Nota: Se incluye el original inglés de un artículo sobre este "Codec" que considero muy interesante. Lamentablemente, cuando recogí esta información (cut&paste) para mi "Biblioteca" particular, no podía figurarme que algún día me gustaría publicarla. No conservo ningún rastro de sus orígenes y tampoco he conseguido encontrarla en Google (quizás no esté ya en la Red). Así pues, desde aquí reconozco la paternidad a su desconocido autor (si lee estas líneas y lo desea, estoy dispuesto a citarlo explícitamente atribuyéndole la justa titularidad del copyright).
Speech coding systems function to provide codeword representations of speech signals for communication over a channel or network to one or more system receivers. Each system receiver reconstructs speech signals from received codewords. The amount of codeword information communicated by a system in a given time period defines the system bandwidth and affects the quality of the speech received by system receivers.
The objective for speech coding systems is to provide the best trade-off between speech quality and bandwidth, given conditions such as the input signal quality, channel quality, bandwidth limitations, and cost. To reduce speech coding system bandwidth, redundancy is removed from the speech signal prior to transmission. Among the redundancies that can be exploited is the periodic nature of voiced speech. In many speech coders, this long-term redundancy is removed with a pitch or long-term predictor. At the system receiver a second long-term predictor is used to regenerate the periodicity in the reconstructed speech signal. Note that the term long-term predictor often refers to related but different structures in the system receiver and the system transmitter.
Long-term predictors are commonly applied to a class of coders called analysis-by-synthesis coders. A well-known representative of this class is code-excited linear prediction (CELP). In analysis-by-synthesis coders, speech signals are coded using a waveform-matching procedure. The speech is divided into segments which are called subframes. For each subframe, a candidate reconstructed speech signal is constructed for each of a large set of parameter configurations. Each of the parameter configurations is fully defined by a number of indices. Each candidate is compared to the original speech signal to determine which candidate most closely matches the original speech. The matching procedure is tailored to the properties of the human auditory system through the use of perceptual weighting. The indices corresponding to the best matching candidate reconstructed speech signal are transmitted over the channel. From the indices, the system receiver determines the correct parameter configuration and creates the reconstructed speech signal.
In analysis-by-synthesis coders, the long-term predictor generally is an integral part of the waveform matching process. In a common configuration, the long-term predictor uses a segment of the past reconstructed signal to match an original signal in the present subframe. Past reconstructed speech is related in time to original (present) speech by an interval known as delay. Such reconstructed speech may be scaled by a gain. Both the gain and the delay of the past segment are adjusted to provide the best match to the original speech signal.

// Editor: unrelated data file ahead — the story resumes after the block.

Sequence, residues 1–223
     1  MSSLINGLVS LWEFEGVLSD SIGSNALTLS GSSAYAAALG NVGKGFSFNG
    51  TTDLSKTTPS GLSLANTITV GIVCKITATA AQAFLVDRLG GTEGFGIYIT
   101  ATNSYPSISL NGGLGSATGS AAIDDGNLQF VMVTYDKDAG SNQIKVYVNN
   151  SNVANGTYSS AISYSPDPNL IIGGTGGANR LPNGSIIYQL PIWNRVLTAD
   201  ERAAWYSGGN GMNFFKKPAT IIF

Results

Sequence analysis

The long-term predictor greatly enhances the coding efficiency of analysis-by-synthesis coders. This is confirmed by objective measurements, which show significant improvements in the signal-to-noise ratio of the reconstructed speech signal. However, the human auditory system is very sensitive to distortions in the speech signal which are related to the periodicity. For example, speech coders are often perceived to be noisy or buzzy -- both distortions which are related to the level of periodicity of the reconstructed speech. These distortions generally become stronger when coding bit rate is decreased.
The degree of periodicity in a natural speech signal generally decreases with increasing frequency. In a conventional long-term predictor, periodicity is controlled by only one parameter, the long-term predictor gain. Despite the fact that this parameter does not vary with frequency, the periodicity of the reconstructed signal is not constant as a function of frequency. This is because the periodicity is dependent upon nonstationarity of the long-term predictor, as well as other factors. However, this frequency dependence cannot be adjusted separately for different frequencies. This shortcoming may lead to perceptible noise and/or buzziness in the reconstructed speech, especially at low bit rates and in the lower frequency regions, where the human auditory system has a high frequency resolution capability.
Note: CELP uses a codebook of 256 speech patterns. Only searching part of the entries reduces the CPU requirements while degrading the speech quality. Reducing the codebook search down to about 170 entries does not noticeably degrade the speech, but decreasing it down to as low as 32 is still very intelligible. The CELP encoding performance listed shows figures from a codebook search of 32 up to the full 256 entries.